2472syntax of function prototypes is given a brief compile-time check for
2473obvious errors like invalid characters. A more rigorous check is run
2474when the function is called.
2f758a16 2475
ba210ebe
JH
2476=item Malformed UTF-8 character (%s)
2477
2575c402
JW
2478(S utf8) (F) Perl detected a string that didn't comply with UTF-8
2479encoding rules, even though it had the UTF8 flag on.
ba210ebe 2480
2575c402
JW
2481One possible cause is that you set the UTF8 flag yourself for data that
2482you thought to be in UTF-8 but it wasn't (it was for example legacy
24838-bit data). To guard against this, you can use Encode::decode_utf8.
2484
2485If you use the C<:encoding(UTF-8)> PerlIO layer for input, invalid byte
2486sequences are handled gracefully, but if you use C<:utf8>, the flag is
2487set without validating the data, possibly resulting in this error
2488message.
2489
2490See also L<Encode/"Handling Malformed Data">.
901b21bf 2491
dea0fc0b
JH
2492=item Malformed UTF-16 surrogate
2493
183097aa 2494(F) Perl thought it was reading UTF-16 encoded character data but while
dea0fc0b
JH
2495doing it Perl met a malformed Unicode surrogate.
2496
ff3f963a
KW
2497=item Malformed UTF-8 returned by \N
2498
2499(F) The charnames handler returned malformed UTF-8.
2500
f337b084
TH
2501=item Malformed UTF-8 string in pack
2502
2503(F) You tried to pack something that didn't comply with UTF-8 encoding
2504rules and perl was unable to guess how to make more progress.
2505
2506=item Malformed UTF-8 string in unpack
2507
2508(F) You tried to unpack something that didn't comply with UTF-8 encoding
2509rules and perl was unable to guess how to make more progress.
2510
2511=item Malformed UTF-8 string in '%c' format in unpack
2512
2513(F) You tried to unpack something that didn't comply with UTF-8 encoding
2514rules and perl was unable to guess how to make more progress.
2515
fe13d51d 2516=item Maximal count of pending signals (%d) exceeded
2563cec5 2517
fe13d51d 2518(F) Perl aborted due to a too high number of signals pending. This
2563cec5
IZ
2519usually indicates that your operating system tried to deliver signals
2520too fast (with a very high priority), starving the perl process from
2521resources it would need to reach a point where it can process signals
2522safely. (See L<perlipc/"Deferred Signals (Safe Signals)">.)
2523
49704364 2524=item %s matches null string many times in regex; marked by <-- HERE in m/%s/
6df41af2
GS
2525
2526(W regexp) The pattern you've specified would be an infinite loop if the
7253e4e3
RK
2527regular expression engine didn't specifically check for that. The <-- HERE
2528shows in the regular expression about where the problem was discovered.
2529See L<perlre>.
6df41af2 2530
25f58aea
PN
2531=item "%s" may clash with future reserved word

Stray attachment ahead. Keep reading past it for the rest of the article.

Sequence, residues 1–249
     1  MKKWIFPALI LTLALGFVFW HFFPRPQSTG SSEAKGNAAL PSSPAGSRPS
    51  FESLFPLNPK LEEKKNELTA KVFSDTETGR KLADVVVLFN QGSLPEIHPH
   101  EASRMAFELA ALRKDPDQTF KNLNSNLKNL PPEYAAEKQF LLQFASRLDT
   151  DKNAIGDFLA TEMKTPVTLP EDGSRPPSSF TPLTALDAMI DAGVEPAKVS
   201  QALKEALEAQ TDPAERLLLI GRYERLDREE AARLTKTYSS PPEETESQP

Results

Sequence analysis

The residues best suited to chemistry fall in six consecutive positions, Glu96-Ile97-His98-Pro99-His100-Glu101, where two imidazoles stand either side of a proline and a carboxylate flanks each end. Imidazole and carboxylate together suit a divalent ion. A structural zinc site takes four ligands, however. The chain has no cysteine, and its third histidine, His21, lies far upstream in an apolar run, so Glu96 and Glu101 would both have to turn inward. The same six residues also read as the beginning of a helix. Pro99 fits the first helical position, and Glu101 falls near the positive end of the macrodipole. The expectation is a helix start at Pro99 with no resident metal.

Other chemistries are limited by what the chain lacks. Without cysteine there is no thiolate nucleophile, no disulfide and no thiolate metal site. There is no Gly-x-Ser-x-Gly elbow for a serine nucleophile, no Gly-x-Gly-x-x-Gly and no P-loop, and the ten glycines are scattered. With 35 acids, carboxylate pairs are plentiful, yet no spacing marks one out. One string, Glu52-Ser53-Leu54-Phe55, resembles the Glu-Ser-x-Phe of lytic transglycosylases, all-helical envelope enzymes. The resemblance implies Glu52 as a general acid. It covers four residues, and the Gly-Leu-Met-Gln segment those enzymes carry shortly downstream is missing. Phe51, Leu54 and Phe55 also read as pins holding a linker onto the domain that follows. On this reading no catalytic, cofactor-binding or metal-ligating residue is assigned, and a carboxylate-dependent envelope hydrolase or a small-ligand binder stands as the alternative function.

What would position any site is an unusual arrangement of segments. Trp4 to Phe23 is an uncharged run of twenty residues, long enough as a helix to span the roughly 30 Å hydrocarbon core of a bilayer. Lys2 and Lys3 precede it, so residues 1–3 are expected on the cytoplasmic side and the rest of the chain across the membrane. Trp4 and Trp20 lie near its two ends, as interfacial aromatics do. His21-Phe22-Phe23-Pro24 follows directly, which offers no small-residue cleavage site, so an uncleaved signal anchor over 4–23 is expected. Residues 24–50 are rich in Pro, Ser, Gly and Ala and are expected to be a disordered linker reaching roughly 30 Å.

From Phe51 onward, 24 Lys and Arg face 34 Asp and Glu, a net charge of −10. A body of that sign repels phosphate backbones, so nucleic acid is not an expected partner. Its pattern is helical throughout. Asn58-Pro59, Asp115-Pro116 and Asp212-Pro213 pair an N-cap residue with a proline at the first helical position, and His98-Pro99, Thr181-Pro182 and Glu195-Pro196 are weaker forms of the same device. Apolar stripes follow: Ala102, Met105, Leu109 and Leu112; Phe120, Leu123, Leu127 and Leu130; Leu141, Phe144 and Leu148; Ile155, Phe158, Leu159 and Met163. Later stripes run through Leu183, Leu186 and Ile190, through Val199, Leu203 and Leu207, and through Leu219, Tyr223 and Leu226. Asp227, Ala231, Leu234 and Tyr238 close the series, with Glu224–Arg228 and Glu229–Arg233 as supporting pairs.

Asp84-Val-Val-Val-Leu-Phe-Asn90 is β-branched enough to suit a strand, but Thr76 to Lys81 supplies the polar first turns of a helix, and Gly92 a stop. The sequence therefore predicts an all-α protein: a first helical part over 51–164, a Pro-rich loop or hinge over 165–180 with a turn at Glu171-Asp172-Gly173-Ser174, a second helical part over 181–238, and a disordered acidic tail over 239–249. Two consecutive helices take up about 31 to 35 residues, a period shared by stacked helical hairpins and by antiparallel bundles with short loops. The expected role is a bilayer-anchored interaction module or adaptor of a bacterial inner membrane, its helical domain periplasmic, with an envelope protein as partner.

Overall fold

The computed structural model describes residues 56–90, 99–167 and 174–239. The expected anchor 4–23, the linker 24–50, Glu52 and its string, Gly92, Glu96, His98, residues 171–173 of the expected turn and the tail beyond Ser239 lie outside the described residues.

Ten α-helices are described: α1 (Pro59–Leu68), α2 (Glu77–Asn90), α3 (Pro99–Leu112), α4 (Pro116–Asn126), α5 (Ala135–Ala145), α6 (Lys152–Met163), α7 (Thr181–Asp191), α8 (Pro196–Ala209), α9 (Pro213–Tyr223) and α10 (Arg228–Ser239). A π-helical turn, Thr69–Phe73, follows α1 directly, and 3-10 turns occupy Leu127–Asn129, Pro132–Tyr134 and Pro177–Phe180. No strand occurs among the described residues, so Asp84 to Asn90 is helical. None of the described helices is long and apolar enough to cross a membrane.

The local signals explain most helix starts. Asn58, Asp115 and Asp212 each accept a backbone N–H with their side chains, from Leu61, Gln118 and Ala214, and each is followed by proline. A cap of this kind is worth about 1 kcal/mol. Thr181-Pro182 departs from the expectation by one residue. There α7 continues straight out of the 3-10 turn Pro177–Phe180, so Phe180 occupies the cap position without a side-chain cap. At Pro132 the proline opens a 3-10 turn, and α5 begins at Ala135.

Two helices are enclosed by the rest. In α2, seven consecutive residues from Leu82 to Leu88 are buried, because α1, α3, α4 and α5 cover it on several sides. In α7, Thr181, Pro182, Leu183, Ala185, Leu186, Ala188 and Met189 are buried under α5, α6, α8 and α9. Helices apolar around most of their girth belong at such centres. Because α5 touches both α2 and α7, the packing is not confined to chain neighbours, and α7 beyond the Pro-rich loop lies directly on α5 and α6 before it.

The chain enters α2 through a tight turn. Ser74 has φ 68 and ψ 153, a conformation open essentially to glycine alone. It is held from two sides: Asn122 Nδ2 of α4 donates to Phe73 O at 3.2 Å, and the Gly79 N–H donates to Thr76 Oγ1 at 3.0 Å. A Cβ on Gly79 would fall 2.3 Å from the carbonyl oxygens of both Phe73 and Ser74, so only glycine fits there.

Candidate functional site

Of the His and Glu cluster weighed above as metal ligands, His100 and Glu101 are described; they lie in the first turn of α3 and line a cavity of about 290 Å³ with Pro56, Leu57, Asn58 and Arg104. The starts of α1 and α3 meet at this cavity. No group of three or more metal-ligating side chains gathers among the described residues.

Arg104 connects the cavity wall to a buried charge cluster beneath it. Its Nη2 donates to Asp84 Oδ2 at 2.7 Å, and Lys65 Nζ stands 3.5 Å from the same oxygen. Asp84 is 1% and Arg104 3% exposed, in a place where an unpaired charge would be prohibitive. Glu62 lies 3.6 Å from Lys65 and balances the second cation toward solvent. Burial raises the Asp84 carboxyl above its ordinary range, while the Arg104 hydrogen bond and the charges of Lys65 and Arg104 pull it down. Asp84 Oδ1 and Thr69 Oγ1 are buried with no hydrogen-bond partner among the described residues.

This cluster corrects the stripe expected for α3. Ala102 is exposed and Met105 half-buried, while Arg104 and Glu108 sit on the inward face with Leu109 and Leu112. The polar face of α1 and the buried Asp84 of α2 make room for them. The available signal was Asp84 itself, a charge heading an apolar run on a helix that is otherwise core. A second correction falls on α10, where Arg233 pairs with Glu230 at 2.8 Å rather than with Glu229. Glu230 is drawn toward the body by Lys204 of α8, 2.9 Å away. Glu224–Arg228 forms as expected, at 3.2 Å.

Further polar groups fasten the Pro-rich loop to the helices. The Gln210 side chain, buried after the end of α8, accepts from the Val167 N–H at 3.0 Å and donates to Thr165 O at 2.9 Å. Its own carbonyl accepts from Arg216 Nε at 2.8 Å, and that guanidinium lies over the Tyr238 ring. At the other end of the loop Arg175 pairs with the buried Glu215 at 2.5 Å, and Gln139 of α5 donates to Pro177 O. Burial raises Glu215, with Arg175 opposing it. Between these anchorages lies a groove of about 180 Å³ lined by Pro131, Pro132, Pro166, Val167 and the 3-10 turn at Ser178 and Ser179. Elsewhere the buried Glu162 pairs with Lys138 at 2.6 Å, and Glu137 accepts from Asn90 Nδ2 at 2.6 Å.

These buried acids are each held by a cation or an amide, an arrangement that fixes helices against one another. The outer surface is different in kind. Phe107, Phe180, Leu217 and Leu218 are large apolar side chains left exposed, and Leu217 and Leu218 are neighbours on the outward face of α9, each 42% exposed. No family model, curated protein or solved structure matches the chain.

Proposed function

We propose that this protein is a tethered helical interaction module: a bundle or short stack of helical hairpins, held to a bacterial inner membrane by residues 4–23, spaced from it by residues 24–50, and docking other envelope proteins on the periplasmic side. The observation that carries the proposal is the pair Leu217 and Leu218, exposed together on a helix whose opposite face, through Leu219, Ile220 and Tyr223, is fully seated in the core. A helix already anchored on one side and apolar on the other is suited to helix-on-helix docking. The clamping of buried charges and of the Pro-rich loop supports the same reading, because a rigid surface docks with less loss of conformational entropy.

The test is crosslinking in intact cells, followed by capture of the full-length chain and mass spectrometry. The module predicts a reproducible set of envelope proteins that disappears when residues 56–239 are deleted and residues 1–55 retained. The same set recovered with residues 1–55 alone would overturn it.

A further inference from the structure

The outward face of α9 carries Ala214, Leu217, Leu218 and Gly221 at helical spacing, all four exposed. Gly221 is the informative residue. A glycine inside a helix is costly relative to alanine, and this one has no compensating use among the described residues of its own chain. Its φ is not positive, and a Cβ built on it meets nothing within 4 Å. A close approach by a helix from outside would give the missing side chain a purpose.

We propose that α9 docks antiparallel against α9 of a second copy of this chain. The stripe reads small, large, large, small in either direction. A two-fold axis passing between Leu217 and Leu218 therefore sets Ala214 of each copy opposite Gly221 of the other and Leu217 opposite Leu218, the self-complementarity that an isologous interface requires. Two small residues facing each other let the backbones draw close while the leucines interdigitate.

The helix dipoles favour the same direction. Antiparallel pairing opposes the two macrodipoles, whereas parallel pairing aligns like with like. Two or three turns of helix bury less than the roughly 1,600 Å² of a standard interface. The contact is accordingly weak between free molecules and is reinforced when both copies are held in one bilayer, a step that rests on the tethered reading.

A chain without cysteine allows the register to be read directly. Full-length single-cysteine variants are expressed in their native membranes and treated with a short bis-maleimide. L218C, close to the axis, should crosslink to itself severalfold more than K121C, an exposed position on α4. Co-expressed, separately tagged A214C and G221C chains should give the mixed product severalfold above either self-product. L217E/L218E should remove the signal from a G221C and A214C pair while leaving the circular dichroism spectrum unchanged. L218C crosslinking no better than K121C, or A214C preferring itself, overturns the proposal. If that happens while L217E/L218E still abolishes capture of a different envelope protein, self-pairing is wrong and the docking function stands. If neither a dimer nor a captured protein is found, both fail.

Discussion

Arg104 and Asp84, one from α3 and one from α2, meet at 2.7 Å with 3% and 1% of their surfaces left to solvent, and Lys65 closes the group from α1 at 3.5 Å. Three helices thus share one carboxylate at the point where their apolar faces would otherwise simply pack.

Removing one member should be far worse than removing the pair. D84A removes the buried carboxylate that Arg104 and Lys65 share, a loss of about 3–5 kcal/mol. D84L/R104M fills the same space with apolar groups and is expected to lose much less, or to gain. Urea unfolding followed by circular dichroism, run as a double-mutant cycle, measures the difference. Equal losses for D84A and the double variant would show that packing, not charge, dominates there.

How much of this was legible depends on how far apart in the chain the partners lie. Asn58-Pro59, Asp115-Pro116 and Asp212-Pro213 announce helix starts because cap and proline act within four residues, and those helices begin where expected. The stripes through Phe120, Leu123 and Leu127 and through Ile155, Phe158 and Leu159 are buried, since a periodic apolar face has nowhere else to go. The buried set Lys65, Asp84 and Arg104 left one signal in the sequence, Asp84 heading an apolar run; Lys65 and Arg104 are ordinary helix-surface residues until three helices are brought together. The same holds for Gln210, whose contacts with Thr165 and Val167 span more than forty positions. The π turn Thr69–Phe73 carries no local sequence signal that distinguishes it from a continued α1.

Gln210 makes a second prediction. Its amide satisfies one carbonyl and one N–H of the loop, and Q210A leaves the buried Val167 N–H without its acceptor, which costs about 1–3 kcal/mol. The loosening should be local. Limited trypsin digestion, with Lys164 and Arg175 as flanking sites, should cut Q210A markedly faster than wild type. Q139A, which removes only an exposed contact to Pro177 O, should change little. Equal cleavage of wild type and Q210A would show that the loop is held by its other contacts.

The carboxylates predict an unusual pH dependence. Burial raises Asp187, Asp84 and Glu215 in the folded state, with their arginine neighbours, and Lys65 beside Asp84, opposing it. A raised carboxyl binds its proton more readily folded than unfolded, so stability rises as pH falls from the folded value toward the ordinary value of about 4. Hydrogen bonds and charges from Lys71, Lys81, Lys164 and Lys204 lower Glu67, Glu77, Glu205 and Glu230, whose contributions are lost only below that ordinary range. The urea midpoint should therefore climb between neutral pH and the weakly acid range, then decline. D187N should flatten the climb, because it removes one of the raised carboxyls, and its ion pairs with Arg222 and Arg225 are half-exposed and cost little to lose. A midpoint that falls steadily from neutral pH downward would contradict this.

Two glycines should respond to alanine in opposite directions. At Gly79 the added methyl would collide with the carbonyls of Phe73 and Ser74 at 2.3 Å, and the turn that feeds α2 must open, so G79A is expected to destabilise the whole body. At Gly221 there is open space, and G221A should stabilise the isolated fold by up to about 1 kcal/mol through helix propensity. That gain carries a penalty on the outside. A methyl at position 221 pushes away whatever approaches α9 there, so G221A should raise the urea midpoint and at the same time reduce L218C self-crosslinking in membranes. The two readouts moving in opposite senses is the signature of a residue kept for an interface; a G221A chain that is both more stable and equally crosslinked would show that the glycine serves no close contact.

2532
2533(W) This warning may be due to running a perl5 script through a perl4
2534interpreter, especially if the word that is being warned about is
2535"use" or "my".
2536
49704364 2537=item % may not be used in pack
6df41af2
GS
2538
2539(F) You can't pack a string by supplying a checksum, because the
be771a83
GS
2540checksumming process loses information, and you can't go the other way.
2541See L<perlfunc/unpack>.
6df41af2 2542
a0d0e21e
LW
2543=item Method for operation %s not found in package %s during blessing
2544
2545(F) An attempt was made to specify an entry in an overloading table that
e7ea3e70 2546doesn't resolve to a valid subroutine. See L<overload>.
a0d0e21e 2547
3cdd684c
TP
2548=item Method %s not permitted
2549
2550See Server error.
2551
a0d0e21e
LW
2552=item Might be a runaway multi-line %s string starting on line %d
2553
2554(S) An advisory indicating that the previous error may have been caused
2555by a missing delimiter on a string or pattern, because it eventually
2556ended earlier on the current line.
2557
2558=item Misplaced _ in number
2559
d4ced10d
JH
2560(W syntax) An underscore (underbar) in a numeric constant did not
2561separate two digits.
a0d0e21e 2562
7baa4690
HS
2563=item Missing argument in %s
2564
2565(W uninitialized) A printf-type format required more arguments than were
2566supplied.
2567
9e81e6a1
RGS
2568=item Missing argument to -%c
2569
2570(F) The argument to the indicated command line switch must follow
2571immediately after the switch, without intervening spaces.
2572
ff3f963a 2573=item Missing braces on \N{}
423cee85 2574
4a2d328f 2575(F) Wrong syntax of character name literal C<\N{charname}> within
c3c41406
KW
2576double-quotish context. This can also happen when there is a space (or
2577comment) between the C<\N> and the C<{> in a regex with the C</x> modifier.
2578This modifier does not change the requirement that the brace immediately follow
2579the C<\N>.
423cee85 2580
f0a2b745
KW
2581=item Missing braces on \o{}
2582
2583(F) A C<\o> must be followed immediately by a C<{> in double-quotish context.
2584
a0d0e21e
LW
2585=item Missing comma after first argument to %s function
2586
2587(F) While certain functions allow you to specify a filehandle or an
2588"indirect object" before the argument list, this ain't one of them.
2589
06eaf0bc
GS
2590=item Missing command in piped open
2591
be771a83
GS
2592(W pipe) You used the C<open(FH, "| command")> or
2593C<open(FH, "command |")> construction, but the command was missing or
2594blank.
06eaf0bc 2595
961ce445
RGS
2596=item Missing control char name in \c
2597
2598(F) A double-quoted string ended with "\c", without the required control
2599character name.
2600
6df41af2
GS
2601=item Missing name in "my sub"
2602
be771a83
GS
2603(F) The reserved syntax for lexically scoped subroutines requires that
2604they have a name with which they can be found.
6df41af2
GS
2605
2606=item Missing $ on loop variable